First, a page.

Living Alone Together: Individualized Collectivism in Swedish Communal Housing

Publication year: 2019

Törnqvist, Maria

Sociology, first published online,doi.org/10.1177/0038038519834871

Abstract

In this study, situated in urban Stockholm, communal housing stands out as highly individualized. The residents positively appraise their way of living, not primarily for values related to collective solidarity, but for enabling autonomy, privacy and easy exits. Rather than theorizing this as a contradiction, communal housing is framed as a case of individualized collectivism, a belonging structure that is evaluated for fostering interpersonal relations with a high degree of independency. The article discusses the notion of Swedish state individualism as an explanatory backdrop and argues that it is the existence of a collective frame – in the shape of a historically embedded welfare program and an everyday housing platform – that enables the residents to sustain their individualized lives. Through an analysis of the residents’ negotiations around self and solidarity, autonomy and dependency, communal housing unfolds as an everyday response to a widespread tension between individualized societies and people’s search for community.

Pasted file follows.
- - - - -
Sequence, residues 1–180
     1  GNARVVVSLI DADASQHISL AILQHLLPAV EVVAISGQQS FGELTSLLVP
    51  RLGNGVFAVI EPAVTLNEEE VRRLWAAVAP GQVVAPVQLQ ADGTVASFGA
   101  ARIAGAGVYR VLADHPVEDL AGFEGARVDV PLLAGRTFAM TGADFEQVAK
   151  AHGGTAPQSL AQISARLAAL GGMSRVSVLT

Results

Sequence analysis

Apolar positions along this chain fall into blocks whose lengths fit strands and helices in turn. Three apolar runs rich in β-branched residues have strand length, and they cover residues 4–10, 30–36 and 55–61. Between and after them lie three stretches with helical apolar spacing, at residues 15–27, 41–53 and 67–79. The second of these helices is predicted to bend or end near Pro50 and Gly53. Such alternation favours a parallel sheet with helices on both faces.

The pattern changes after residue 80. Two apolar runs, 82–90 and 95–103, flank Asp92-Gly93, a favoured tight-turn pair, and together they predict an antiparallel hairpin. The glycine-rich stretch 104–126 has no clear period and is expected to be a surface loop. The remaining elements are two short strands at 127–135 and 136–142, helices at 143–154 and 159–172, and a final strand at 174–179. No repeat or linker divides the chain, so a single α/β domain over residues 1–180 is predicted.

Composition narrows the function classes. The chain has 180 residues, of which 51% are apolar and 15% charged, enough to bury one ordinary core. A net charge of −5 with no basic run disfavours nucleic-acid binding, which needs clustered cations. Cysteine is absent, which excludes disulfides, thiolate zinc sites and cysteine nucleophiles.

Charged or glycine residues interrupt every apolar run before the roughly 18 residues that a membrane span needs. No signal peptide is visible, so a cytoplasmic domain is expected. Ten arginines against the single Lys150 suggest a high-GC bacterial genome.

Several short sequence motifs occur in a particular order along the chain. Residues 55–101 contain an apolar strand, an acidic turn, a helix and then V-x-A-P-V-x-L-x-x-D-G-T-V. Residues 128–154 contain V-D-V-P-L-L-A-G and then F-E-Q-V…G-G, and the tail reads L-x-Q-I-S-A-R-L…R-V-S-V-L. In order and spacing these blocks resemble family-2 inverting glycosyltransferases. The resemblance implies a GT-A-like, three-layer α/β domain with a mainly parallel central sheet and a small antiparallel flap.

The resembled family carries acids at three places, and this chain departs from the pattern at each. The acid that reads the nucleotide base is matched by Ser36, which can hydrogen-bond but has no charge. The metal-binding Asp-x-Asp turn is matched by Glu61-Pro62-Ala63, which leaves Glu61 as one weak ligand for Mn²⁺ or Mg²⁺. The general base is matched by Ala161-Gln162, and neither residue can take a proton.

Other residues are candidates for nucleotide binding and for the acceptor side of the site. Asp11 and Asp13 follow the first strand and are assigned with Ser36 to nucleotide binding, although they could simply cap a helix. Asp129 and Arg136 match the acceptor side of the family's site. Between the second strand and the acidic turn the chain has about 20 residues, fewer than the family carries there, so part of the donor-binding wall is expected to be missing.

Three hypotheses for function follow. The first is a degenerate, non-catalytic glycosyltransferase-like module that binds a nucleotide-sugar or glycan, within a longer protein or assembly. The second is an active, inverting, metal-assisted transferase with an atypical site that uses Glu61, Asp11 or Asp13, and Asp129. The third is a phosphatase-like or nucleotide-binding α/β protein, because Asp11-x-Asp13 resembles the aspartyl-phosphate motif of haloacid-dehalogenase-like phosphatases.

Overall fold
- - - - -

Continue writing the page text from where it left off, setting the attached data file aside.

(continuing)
Read more about: Living Alone Together: Individualized Collectivism in Swedish Communal Housing

Publication year: 2019

Törnqvist, Maria ,

Sociology, first published online,doi.org/10.1177/0038038519834871

Abstract

In this study, situated in urban Stockholm, communal housing stands out as highly individualized. The residents positively appraise their way of living, not primarily for values related to collective solidarity, but for enabling autonomy, privacy and easy exits. Rather than theorizing this as a contradiction, communal housing is framed as a case of individualized collectivism, a belonging structure that is evaluated for fostering interpersonal relations with a high degree of independency. The article discusses the notion of Swedish state individualism as an explanatory backdrop and argues that it is the existence of a collective frame – in the shape of a historically embedded welfare program and an everyday housing platform – that enables the residents to sustain their individualized lives. Through an analysis of the residents’ negotiations around self and solidarity, autonomy and dependency, communal housing unfolds as an everyday response to a widespread tension between individualized societies and people’s search for community.

Read more about: Living Alone Together: Individualized Collectivism in Swedish Communal Housing